Browns Canyon National Monument — which protects a unique mosaic of wilderness and wildlife in Colorado's upper Arkansas River Valley — was designated by President Obama in 2015.
(Photo: Bob Wick/U.S. Bureau of Land Management)
A monumental legacy
Former President Barack Obama accomplished a lot in eight years. Beyond reviving the economy and cutting unemployment, his legacy includes major environmental feats such as reducing air pollution, boosting clean energy and making the U.S. a global leader in fighting climate change.
It also includes many smaller moves that add up to something pretty big: the creation and expansion of national monuments. These are federally protected areas that feature "objects of historic or scientific interest," and can be established directly by Congress or the president.
Faced with gridlock on Capitol Hill, Obama famously relied on executive orders to implement many of his policies. (It's worth noting, however, that his executive orders rank 16th among all presidents, behind George W. Bush, Bill Clinton and Ronald Reagan). And thanks to the Antiquities Act of 1906 — a law signed by Theodore Roosevelt, who used it 18 times — those orders include a variety of protected places around the country. Obama designated 29 national monuments during his tenure, more than any other president, and also substantially expanded four others.
A haze of uncertainty now hangs over many of Obama's executive orders, including those 33 national monuments. In April 2017, President Donald Trump ordered Interior Secretary Ryan Zinke to review any monument that covers at least 100,000 acres and was created since Jan. 1, 1996.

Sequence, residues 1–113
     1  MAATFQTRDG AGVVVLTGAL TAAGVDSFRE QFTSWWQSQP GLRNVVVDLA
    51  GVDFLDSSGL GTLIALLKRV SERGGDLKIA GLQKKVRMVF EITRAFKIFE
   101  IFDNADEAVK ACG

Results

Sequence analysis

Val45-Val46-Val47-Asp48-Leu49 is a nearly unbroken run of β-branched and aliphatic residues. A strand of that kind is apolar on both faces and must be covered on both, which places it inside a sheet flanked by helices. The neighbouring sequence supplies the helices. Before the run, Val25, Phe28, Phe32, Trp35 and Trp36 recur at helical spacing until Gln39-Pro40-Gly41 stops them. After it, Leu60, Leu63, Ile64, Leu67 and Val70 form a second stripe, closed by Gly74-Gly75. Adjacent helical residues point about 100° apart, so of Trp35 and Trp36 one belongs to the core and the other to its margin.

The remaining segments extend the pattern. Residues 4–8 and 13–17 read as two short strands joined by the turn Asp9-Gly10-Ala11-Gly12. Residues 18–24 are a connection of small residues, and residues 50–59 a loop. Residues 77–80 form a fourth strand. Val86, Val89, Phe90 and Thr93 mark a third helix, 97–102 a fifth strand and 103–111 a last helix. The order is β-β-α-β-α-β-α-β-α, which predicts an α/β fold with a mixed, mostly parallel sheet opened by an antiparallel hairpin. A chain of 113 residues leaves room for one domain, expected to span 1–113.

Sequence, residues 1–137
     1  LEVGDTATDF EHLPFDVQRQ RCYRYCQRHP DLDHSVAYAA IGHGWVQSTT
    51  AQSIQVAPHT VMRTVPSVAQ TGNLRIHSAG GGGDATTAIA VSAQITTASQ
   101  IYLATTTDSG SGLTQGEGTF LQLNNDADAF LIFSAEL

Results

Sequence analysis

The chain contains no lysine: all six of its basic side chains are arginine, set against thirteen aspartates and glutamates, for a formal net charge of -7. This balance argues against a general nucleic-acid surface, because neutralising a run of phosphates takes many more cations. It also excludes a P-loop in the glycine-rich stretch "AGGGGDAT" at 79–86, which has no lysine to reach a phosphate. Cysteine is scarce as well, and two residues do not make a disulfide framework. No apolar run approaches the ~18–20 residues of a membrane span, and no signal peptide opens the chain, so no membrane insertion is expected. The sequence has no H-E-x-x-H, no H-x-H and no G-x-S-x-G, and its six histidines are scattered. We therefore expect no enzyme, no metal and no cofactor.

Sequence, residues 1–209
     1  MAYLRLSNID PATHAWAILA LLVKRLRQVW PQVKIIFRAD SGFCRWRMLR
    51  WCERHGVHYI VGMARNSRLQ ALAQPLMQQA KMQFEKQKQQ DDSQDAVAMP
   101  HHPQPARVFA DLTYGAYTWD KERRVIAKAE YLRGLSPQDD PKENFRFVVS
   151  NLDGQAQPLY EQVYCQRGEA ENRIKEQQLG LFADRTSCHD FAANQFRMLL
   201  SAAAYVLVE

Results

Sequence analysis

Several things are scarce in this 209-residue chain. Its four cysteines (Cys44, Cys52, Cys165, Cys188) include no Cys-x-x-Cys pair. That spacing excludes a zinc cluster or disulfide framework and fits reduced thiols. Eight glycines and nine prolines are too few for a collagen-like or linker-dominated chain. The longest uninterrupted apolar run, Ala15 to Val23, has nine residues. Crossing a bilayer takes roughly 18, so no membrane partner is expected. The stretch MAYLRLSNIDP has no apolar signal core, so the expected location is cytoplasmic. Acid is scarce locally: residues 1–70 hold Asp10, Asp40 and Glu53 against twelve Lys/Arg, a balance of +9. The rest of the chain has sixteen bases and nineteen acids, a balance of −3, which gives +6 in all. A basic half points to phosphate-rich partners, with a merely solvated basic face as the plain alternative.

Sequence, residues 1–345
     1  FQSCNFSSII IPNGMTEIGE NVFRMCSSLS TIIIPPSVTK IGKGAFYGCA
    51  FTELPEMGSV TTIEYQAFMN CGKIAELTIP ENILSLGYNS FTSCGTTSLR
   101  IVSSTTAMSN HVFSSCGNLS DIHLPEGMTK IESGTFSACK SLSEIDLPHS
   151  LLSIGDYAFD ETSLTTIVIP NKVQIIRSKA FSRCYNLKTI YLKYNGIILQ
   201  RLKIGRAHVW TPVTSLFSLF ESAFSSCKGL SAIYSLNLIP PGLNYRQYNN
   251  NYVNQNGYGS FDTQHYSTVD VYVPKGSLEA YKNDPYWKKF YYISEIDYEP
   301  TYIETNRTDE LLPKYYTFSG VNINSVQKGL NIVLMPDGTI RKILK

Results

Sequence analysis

The review follows Republican opposition to certain monuments, especially Bears Ears National Monument in Utah. In December 2017, Trump announced a controversial shrinkage of Bears Ears by more than 80 percent, along with a 45 percent reduction of Utah's Grand Staircase-Escalante. Zinke's final report also urged Trump to shrink or reshuffle several others, including Nevada's Gold Butte; Oregon's Cascade-Siskiyou; Maine's Katahdin Woods and Waters; Northeast Canyons and Seamounts in the Atlantic Ocean; both Rose Atoll and Pacific Remote Islands in the Pacific Ocean; and New Mexico's Organ Mountains-Desert Peaks as well as Rio Grande Del Norte.
Congress has "clear authority" to abolish or shrink monuments, according to a 2016 report by the Congressional Research Service (CRS), and presidents can modify sites set aside by their predecessors. Still, the CRS adds, they may have trouble repealing them outright:
"No President has ever abolished or revoked a national monument proclamation, so the existence or scope of any such authority has not been tested in courts. However, some legal analyses since at least the 1930s have concluded that the Antiquities Act, by its terms, does not authorize the President to repeal proclamations, and that the President also lacks implied authority to do so."
To highlight what's at stake, here are photos and facts about each of the 29 national monuments created by Obama — plus the four existing sites he expanded. Click through the images and scan the details for a reminder of why these places are worth protecting.
Editor's Note: This story has been updated since it was originally published in November 2016.